Get Out of Town
Consider a road trip. If being home is too hard, venture to a new place -- Toronto? Las Vegas (below)? New York? Or spend the holiday at the home of friends or other relatives.
It doesn't have to be a permanent tradition, but it might make the first year under new circumstances a little easier.
Honor the Memories
There can bea lot of long shadows at the holidays. While it may be difficult to find anything to smile about with certain losses (certainly loss of a job brings with it financial concerns and the memories of a divorce or separation might not be good ones), it can help to try.
You can remember a person who died in any one of a number of ways -- sharing memories at the table; lighting a candle in that person's memory; setting a place at the table; looking at photos; visiting the cemetery. If you are crafty, consider taking a garment they loved -- a favorite shirt or bathrobe -- and making ornaments for your tree and those of family members or close friends. A star ornament from a treasured garment will be a lasting reminder each year on your tree.
I have a "Dad" tree and a "Mom" tree. These very different trees reflect things they loved or collected. It's one way I can do something fun and cheery -- have a pretty tree -- yet remember their delightful and happy spirits.
Remember the Children
If you have young people in your family, they may be having difficulty in handling their feelings about a holiday season without mom or dad or a beloved grandparent or even a pet. They may have some behavior issues or simply be sad and tearful.
Try some of these activities with them:
- Let children design a paper place mat about their perfect Christmas (and don't be surprised if they draw the missing person)
- Let them create a special ornament for the tree in honor of the person who died.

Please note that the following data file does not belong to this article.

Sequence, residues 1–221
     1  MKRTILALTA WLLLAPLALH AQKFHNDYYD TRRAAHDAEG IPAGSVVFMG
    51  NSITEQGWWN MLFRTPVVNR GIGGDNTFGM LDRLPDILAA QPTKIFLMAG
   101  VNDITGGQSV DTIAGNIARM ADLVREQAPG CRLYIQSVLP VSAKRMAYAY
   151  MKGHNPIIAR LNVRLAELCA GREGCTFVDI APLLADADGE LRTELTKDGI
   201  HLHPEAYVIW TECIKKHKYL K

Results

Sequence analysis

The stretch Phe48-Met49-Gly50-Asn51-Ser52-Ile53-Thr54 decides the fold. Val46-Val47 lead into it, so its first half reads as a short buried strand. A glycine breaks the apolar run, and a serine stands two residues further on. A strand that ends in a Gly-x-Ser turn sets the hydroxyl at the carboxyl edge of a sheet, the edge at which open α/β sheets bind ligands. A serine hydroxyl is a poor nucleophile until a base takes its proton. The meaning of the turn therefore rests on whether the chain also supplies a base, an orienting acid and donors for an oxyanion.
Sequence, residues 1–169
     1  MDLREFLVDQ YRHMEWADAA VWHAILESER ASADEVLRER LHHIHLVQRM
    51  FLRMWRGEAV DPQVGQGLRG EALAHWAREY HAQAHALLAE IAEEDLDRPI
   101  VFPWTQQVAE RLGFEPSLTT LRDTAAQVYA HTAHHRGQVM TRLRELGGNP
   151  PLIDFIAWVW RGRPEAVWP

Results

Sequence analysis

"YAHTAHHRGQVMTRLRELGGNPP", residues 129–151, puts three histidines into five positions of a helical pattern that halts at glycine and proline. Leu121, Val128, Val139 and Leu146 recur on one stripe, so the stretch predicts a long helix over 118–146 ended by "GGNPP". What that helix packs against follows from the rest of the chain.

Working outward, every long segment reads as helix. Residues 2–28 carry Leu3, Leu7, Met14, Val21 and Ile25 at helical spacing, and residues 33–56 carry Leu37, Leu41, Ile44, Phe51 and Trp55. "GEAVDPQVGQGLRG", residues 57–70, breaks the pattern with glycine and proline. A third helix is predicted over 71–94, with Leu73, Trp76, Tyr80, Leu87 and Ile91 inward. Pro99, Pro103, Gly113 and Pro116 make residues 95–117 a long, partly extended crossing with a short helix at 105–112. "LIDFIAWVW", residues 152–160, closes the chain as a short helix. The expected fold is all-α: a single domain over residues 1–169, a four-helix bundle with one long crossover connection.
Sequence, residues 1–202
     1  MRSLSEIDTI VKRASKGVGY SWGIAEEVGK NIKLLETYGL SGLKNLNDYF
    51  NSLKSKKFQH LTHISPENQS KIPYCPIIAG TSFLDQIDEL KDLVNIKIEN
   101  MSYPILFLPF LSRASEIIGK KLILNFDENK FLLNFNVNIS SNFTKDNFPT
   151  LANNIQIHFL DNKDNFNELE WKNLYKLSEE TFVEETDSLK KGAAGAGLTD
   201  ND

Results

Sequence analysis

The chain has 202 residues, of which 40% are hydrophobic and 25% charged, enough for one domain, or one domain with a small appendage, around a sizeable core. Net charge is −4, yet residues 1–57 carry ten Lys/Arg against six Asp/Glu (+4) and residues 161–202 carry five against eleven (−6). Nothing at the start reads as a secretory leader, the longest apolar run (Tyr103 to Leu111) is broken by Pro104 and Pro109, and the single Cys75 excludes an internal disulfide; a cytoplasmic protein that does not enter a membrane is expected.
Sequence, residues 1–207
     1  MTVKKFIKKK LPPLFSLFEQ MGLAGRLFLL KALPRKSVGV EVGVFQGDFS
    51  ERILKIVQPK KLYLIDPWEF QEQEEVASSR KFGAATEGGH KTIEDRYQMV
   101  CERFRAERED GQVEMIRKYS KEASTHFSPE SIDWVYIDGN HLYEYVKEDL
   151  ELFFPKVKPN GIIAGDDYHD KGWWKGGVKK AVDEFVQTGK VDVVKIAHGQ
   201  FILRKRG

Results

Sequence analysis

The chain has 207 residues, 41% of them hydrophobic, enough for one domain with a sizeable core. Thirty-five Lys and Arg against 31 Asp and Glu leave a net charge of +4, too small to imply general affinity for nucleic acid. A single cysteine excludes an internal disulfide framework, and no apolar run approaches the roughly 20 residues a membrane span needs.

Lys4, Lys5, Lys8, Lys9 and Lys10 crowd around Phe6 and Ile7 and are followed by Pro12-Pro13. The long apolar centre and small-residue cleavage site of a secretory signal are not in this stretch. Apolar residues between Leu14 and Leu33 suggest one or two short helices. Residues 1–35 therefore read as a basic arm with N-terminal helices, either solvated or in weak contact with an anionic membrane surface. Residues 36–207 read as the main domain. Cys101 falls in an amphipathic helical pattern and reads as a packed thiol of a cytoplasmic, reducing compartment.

- Let them burn out their stress with a marshmallow fight! A few big bags of super-puffed marshmallows can fly across the room releasing some of that energy!
- Encourage older ones to write a letter to the person who died, sharing their feelings.
I also refer you to this link on the Ele's Place site about holiday tips for grieving children. Ele's Place is a children's grief center that started here in Lansing, MI and now has other locations in the state. Their site has many excellent ideas.
Grief doesn't disappear on cue and holidays can kick your emotions in gear. Trust me on this -- I still have tricky moments at the holidays near my dad's death anniversary or when I hear certain songs. (If you play "Have Yourself a Merry Little Christmas"-- even the Muppet version -- I will lose it.)
But the fact is, this is a part of life now. A new job may come along, a new relationship might bring joy. But a death is a death, whether we are mourning what was or what was not and now never would be. Believe that it can and will change over time, that healing isn't always fast and one may well always feel the loss. In good time it will heal. Getting through the now is what matters first.
And accept hugs.
Just be gentle. Because you are a survivor. And you will survive.